There are other risks. When fires threaten rural Alaska communities, as one did near St. Mary’s in June 2022, evacuating can mean flying people out.

Worsening fire seasons also put pressure on firefighting resources everywhere. Firefighting is expensive, and Alaska counts on fire crews, planes and equipment from the lower 48 states and other countries. In the past, when Alaska had a big fire season, crews would come up from the lower 48 because their fire season was typically much later. Now, wildfire season there is all year, and there are fewer movable resources available.

Rick Thoman, Alaska Climate Specialist, University of Alaska Fairbanks

This article is republished from The Conversation under a Creative Commons license. Read the original article.

Major construction firms team up to get the carbon out of concrete

Read the full story at Canary Media.

The Climate Group’s ConcreteZero initiative will set standards and create markets for low-carbon concrete. Experts say its early goals are well within reach.

Worldwide carbon capture, utilization, and storage industry expected to reach $9.4B by 2027

Read the full story from Environment + Energy Leader.

The Global Carbon Capture, Utilization, and Storage (CCUS) Market is estimated to be $2.84 billion in 2022 and is projected to reach $9.43 billion by 2027, growing at a CAGR of 27.14%. That’s according to a new report by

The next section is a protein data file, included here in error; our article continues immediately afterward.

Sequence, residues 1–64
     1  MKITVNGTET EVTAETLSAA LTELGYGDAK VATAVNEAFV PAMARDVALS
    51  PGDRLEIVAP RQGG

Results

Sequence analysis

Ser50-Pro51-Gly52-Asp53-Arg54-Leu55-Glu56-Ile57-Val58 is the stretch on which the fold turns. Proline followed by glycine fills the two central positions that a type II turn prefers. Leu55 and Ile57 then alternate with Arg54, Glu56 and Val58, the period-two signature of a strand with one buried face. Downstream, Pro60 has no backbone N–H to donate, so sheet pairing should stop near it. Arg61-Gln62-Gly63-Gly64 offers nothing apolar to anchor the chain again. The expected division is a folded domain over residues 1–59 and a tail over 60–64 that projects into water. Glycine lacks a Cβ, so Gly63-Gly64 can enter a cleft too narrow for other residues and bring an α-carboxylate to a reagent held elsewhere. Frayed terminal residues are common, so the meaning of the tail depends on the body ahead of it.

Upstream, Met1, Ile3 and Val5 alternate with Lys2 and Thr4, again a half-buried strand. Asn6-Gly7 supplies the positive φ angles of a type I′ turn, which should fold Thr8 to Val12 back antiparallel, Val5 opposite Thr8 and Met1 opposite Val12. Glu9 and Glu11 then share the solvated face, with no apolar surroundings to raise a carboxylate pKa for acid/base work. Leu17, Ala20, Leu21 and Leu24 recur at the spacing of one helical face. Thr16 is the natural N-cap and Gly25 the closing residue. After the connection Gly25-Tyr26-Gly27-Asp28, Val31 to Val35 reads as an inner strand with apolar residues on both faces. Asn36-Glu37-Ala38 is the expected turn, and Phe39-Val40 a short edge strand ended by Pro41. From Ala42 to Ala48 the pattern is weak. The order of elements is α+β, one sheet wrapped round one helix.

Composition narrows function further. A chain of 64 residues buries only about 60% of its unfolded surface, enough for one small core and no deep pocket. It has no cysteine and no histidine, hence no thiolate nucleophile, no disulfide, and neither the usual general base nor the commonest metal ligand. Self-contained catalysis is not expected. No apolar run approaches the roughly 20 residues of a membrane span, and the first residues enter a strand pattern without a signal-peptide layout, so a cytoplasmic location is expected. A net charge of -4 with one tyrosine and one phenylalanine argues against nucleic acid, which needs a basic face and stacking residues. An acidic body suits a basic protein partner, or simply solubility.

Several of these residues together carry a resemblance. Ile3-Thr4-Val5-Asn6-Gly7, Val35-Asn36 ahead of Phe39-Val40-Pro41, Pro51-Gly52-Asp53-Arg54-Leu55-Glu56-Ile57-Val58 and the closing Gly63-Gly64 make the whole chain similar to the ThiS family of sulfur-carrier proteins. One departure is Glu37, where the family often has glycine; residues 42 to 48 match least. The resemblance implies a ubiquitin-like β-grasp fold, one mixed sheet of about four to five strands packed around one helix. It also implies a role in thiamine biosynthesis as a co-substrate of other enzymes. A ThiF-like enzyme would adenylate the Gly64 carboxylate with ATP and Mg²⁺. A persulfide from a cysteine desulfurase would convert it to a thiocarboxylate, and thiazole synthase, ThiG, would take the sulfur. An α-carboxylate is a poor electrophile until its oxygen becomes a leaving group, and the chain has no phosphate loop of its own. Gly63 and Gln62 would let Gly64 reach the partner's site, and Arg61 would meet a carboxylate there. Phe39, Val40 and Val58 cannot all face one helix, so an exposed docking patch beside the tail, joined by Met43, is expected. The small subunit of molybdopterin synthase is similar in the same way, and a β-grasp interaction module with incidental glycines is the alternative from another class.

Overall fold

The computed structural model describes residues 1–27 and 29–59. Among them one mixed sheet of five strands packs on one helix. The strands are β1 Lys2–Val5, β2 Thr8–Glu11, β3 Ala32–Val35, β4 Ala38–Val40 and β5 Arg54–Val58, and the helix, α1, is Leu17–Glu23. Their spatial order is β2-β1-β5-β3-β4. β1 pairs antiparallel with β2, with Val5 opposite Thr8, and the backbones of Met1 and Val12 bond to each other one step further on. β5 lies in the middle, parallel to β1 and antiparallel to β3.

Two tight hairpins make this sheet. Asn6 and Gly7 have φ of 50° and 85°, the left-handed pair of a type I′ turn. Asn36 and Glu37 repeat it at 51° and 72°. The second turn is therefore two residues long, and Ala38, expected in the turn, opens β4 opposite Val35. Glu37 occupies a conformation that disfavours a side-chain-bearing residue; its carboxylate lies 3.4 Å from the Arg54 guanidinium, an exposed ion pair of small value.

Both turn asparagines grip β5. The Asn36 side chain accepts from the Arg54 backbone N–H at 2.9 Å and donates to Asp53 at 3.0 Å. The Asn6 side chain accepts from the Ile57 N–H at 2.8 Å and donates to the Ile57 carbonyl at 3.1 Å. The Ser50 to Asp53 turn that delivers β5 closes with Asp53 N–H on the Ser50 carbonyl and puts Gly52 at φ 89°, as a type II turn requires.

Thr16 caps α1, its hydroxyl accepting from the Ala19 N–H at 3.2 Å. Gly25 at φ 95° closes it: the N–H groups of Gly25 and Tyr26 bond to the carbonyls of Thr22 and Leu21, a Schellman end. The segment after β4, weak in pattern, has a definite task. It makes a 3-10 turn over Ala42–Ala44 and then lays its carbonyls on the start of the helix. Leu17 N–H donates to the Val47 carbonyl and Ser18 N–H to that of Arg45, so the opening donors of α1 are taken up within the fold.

EPA research improves air quality information for the public on the AirNow Fire and Smoke Map

Read the full story from U.S. EPA.

Air sensors, more portable and easier to use than conventional regulatory air monitors, have become increasingly popular for measuring air pollution across the United States, particularly during wildfires. Researchers and communities have used air sensors to fill gaps in understanding local air quality. However, these sensors can often incorrectly estimate pollutant levels compared to regulatory-grade monitors. EPA researchers want to make it easier to compare the data from air sensors with data from highly accurate monitors. To do this, they have collocated, or placed sensors side-by-side with accurate regulatory monitors, in several locations throughout the country.

One widely used sensor type, the PurpleAir, was tested at more than 70 locations throughout the United States by EPA researchers and more than 30 state, local, and tribal air agency partners. While there are several options for air sensors on the market, the popularity of PurpleAir sensors meant the researchers could tap into a widespread sensor network spanning the country. Using this data, EPA researchers developed a mathematical equation, called a “correction equation,” to adjust the air sensor data, making the making the data more accurate and comparable to the regulatory network.